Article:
Country singer-songwriter Randy Houser to perform benefit concert for Kansas Humane Society
08/15/2013 1:56 PM
08/15/2013 1:57 PM
The year couldn’t have started any better for Randy Houser. The laid-back singer-songwriter reached the top of the Billboard Hot Country Songs chart with “How Country Feels.” He reached that sonic summit for the first time in his career back in January.
“It’s huge to be able to accomplish that,” Houser said. “I want to thank everyone that has worked with me to reach such a goal. It’s amazing.”
The only thing that tops that accomplishment is his 1-year-old son, West. “There’s nothing like being a daddy,” Houser said. “It’s great to have success, a great career and all of that, but nothing is important as being a father. It’s been incredible.”
Houser will perform Thursday at the Cotillion in a benefit concert for the Kansas Humane Society. He’s clearly in a groove personally and professionally. His latest album, “How Country Feels,” is different from his two prior releases, which are straightforward country. This time out Houser finds his way with bright, bold country-pop. More than half of the 15 songs are filled with big hooks.
Country jam band star Zac Brown co-wrote the bouncy “Along for the Ride.” Lee Brice offers a nice assist penning the well-constructed “Absolutely Nothing.”
But the best songs have Houser’s fingerprints all over them. His style of writing is easy to spot in the catchy “Power of a Song” and in “Growin’ Younger.” Don’t forget that Houser was a songwriter first. He moved from Mississippi to Nashville to start his career as a hitmaker for hire a decade ago. He penned “Honky Tonk Badonkadonk,” which became a Top 5 hit for Trace Adkins in 2005.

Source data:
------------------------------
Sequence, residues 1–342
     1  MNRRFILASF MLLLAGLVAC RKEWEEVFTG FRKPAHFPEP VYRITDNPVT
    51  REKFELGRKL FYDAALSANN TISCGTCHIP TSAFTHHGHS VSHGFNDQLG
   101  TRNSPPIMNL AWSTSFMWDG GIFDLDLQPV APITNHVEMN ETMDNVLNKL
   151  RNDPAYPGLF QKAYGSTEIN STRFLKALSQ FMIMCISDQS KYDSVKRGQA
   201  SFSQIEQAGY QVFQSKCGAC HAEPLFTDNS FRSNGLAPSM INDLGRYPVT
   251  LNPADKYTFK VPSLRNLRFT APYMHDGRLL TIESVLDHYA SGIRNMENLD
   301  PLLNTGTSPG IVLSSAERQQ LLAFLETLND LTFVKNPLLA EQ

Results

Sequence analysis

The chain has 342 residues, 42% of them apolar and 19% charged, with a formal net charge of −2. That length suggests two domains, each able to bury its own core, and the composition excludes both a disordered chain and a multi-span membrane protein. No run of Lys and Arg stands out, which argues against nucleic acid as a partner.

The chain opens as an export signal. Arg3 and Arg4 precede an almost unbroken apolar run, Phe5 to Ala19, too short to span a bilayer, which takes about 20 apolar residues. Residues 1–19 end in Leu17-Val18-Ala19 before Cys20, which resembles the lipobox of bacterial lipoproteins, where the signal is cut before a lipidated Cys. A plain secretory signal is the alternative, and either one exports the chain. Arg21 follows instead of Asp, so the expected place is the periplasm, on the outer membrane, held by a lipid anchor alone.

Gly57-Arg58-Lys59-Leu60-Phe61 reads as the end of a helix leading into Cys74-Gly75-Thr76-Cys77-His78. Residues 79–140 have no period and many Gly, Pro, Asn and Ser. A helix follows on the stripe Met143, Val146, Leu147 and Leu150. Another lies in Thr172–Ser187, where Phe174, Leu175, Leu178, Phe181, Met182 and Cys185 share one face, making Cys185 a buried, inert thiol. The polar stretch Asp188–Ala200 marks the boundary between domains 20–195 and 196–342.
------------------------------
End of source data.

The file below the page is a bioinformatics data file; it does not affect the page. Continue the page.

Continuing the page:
“I’ve always enjoyed writing,” Houser said. “That’s how it started for me. It’s not as if I lost that. I don’t just sing other people’s songs. I still love to write and sing what I write.”
The most moving song on his latest album is “Route 3 Box 250D,” inspired by when Randy and his mother left his abusive stepfather.
“There are certain songs that only you can write because of an experience,” Houser said. “You can always put your experience down in song. The great thing is that life isn’t hopeless. You can turn things around.”
Houser has certainly done that. He’s moved on past a challenging childhood. He became a well-respected songsmith. He’s a popular singer with a nice family.
“I’m just fortunate,” Houser said. “Good things have happened to me. But I’ve worked hard for everything I have. There’s that and some good fortune. I can’t complain at all.”
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